all candidates and apples-to-apples pricing comparisons. When potential bidders under consideration do not follow these requested formats, evaluation teams often deduct points and may even generalise this is a characteristic of the suppliers daily working style.

Responses should be customised for each project

A one-size-fits-all RFP response could leave an impression the supplier views all clients similarly. Instead, a memorable RFP can differentiate your companys response by demonstrating awareness of prospects particular situations or challenges and addressing them within the RFP response. Buyers sometimes share specific issues or request solutions as part of its RFP questionnaire. If not, these can sometimes be anticipated or extrapolated from available information. For example in mobility services, RFPs note where prospects headquarters or other activity areas are located for insight into possible destination or departure challenges. To set an RFP apart from competitors, for example, suppliers could incorporate solutions for potentially limited temporary housing options in remote destination areas or home marketing ideas in challenged real estate economies to demonstrate a clientfocused and consultative approach. While a customised approach to each prospect is essential, the supplier must also establish a memorable and positive impression of their firms character. Vendors should avoid a plain vanilla profile and personalise the company by including service team biographies or briefly discussing community or charitable activities that are important to the firm. Strategically placed proof sources, such as key service performance statistics or testimonials from existing clients and customers, will also sharpen the companys persona to the buyers evaluation team. Industry accolades and awards also informally convey company characteristics and qualities, but these should be included sparingly and strategically.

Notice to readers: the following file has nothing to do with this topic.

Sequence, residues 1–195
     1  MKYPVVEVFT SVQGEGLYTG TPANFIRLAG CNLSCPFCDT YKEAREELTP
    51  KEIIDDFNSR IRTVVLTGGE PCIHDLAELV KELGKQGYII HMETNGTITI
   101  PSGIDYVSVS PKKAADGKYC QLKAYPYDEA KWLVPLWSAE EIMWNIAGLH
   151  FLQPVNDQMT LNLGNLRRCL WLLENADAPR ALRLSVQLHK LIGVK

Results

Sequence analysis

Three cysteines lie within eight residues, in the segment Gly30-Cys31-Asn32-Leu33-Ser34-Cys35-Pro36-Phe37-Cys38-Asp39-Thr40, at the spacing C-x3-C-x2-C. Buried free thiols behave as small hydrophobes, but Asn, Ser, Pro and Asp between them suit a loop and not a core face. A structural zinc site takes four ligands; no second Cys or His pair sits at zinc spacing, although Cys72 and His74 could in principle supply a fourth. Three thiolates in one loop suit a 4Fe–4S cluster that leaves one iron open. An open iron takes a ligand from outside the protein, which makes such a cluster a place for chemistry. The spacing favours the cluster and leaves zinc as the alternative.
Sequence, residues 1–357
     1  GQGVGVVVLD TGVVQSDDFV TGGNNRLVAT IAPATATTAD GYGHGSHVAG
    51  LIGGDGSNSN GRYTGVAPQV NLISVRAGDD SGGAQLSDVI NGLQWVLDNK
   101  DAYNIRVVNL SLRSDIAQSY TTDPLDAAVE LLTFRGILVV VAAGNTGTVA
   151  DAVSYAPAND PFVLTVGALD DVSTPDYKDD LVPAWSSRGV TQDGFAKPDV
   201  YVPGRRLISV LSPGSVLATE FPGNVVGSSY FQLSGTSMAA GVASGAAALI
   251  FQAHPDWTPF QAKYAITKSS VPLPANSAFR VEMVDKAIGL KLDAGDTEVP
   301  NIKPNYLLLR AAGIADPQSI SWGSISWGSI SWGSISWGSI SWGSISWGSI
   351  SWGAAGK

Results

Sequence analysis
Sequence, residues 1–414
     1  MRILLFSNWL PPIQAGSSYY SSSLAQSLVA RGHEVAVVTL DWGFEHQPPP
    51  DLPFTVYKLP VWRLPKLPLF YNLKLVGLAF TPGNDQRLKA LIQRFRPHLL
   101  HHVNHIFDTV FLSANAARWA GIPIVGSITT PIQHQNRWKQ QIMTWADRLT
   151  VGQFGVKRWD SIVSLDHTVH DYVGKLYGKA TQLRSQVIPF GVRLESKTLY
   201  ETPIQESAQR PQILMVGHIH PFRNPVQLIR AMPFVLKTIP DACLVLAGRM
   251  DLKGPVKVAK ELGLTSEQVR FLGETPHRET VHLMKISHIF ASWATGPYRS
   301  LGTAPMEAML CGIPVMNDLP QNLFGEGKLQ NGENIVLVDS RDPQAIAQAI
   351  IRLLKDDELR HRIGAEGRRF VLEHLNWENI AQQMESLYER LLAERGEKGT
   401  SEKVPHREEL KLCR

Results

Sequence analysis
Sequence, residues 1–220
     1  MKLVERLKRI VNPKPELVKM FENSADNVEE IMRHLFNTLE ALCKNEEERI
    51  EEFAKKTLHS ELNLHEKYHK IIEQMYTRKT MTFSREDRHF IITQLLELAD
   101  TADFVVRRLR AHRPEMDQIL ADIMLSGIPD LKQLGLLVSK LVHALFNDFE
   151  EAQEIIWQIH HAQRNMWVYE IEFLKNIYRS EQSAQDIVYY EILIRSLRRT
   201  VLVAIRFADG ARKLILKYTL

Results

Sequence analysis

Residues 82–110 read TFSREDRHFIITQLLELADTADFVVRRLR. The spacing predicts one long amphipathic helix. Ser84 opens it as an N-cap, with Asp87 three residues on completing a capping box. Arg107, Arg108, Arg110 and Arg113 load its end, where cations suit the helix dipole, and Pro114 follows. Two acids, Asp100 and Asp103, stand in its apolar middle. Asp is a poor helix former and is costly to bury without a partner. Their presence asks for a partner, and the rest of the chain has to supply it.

Suppliers should follow RFP instructions explicitly

Evaluation teams often use a point system to rank companies in pertinent subject matter categories, but they also notice how well bidders follow instructions. Corporate service buyers often request RFP recipients to use specific formats such as Word or Excel to convey responses or to place collateral materials in specific locations such as an appendix or separate binder. Its also typical to request bidders use a specific protocol for a Q&A or pricing/fee proposals to permit equitable information sharing among